Created on: January 31, 2013 Last Updated: February 05, 2013
After years of trying to reach some sort of consensus around immigration policy, it appears that a bipartisan plan has finally come to the fore in Congress. Recent attention has focused on the “Gang of Eight,” a group of senators who have come forward with a comprehensive plan to address nagging issues centered around the millions of undocumented immigrants residing in the United States.
Leading from the Senate are Senators Michael Bennett (D-Colo), Dick Durbin (D-Ill), Jeff Flake (R-Ariz), Lindsey Graham (R-SC), John McCain (R-Ariz), Robert Menendez (D-NJ), Marco Rubio (R-Fla), and Charles Schumer (D-NY). President Obama has shown his general support for the effort.
General outlines of the plan
While Senator Schumer (D-NY) acknowledged that the process would likely take a month or more, the Senate did offer a broad blueprint of what they would like to see included in the legislation. General principles include immediately addressing the path to citizenship, a plan that includes exacting back taxes and a fine from the more than 11 million undocumented immigrants currently residing in the US.
Full citizenship would not be possible, “until the border was secured and new systems were in place for employers to verify workers’ immigration status” according to the “Washington Post.” Visa programs allowing more immigration would be tied to unemployment rates according to the blueprint.
Meanwhile, over in the House of Representatives
Despite the attention-grabbing headlines by the “Gang of Eight” and President Obama, an effort has also been getting under way over in the House of Representatives. According to CNN, a group of House Democrats and Republicans “have worked for weeks behind the scenes to put together their own proposal” with an outline soon to be unveiled. However, CNN noted that “they are not as far along as the Senate,” but they too, will focus on a path to citizenship for immigrants.
House members have also been interacting closely with Senator Rubio (R-Fla) for the past three months, with one House GOP aide noting that he “has had extensive conversations with House members” including “key committee chairmen, as well as influential Conservatives like Rep. Raul Labrador, [as well as] members of the Congressional Hispanic Caucus.”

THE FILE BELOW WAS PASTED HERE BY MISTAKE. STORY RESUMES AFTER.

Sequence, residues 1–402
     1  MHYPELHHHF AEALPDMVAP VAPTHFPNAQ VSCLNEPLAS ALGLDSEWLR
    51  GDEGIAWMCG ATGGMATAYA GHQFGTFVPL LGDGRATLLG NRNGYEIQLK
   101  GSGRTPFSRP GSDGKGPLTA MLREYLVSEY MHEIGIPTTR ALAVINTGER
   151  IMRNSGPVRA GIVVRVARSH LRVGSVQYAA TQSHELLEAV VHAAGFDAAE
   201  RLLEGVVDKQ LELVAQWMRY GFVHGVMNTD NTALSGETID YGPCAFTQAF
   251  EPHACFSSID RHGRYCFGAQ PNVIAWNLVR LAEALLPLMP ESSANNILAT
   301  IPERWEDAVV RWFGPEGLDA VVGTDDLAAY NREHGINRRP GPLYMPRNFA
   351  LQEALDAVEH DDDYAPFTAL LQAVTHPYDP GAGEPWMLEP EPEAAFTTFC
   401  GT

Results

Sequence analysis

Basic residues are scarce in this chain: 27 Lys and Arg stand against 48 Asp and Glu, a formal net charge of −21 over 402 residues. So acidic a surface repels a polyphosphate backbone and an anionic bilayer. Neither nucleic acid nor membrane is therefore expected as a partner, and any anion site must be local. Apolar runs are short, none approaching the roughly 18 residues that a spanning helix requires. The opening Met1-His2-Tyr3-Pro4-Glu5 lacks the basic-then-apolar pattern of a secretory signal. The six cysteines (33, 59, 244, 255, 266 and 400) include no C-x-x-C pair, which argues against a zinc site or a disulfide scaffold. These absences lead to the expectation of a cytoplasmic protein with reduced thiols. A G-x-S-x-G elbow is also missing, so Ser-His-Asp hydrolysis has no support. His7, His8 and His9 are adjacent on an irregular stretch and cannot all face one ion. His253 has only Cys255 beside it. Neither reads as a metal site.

Why this plan may work
Despite this unusual Congressional bipartisanship, legislation could still run into trouble, and no one expects immigration legislation to enjoy easy passage. One need look only to the failed efforts of 2007 and 2010 to note that this divisive issue is sure to complicate matters.
Why might bipartisanship win out this time? In short, Republicans took a beating in the most recent election, and in no small part that was due to the Hispanic vote, which aligned itself with Democratic leadership. Noted Senator McCain (R-Ariz), “The Republican Party is losing the support of our Hispanic voters.”
“When President Obama got 85 percent of the Hispanic vote [in the battleground state of Colorado], it did not go unnoticed by the Republicans,” noted Senator Durbin (D-Ill). Durbin went on to remark, “When emerging groups become a political force, they are given respect and recognition under the law, and they become part of the power establishment of America. ... And this is the moment for the Hispanic population.”
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New bipartisan immigration plan was in the works for months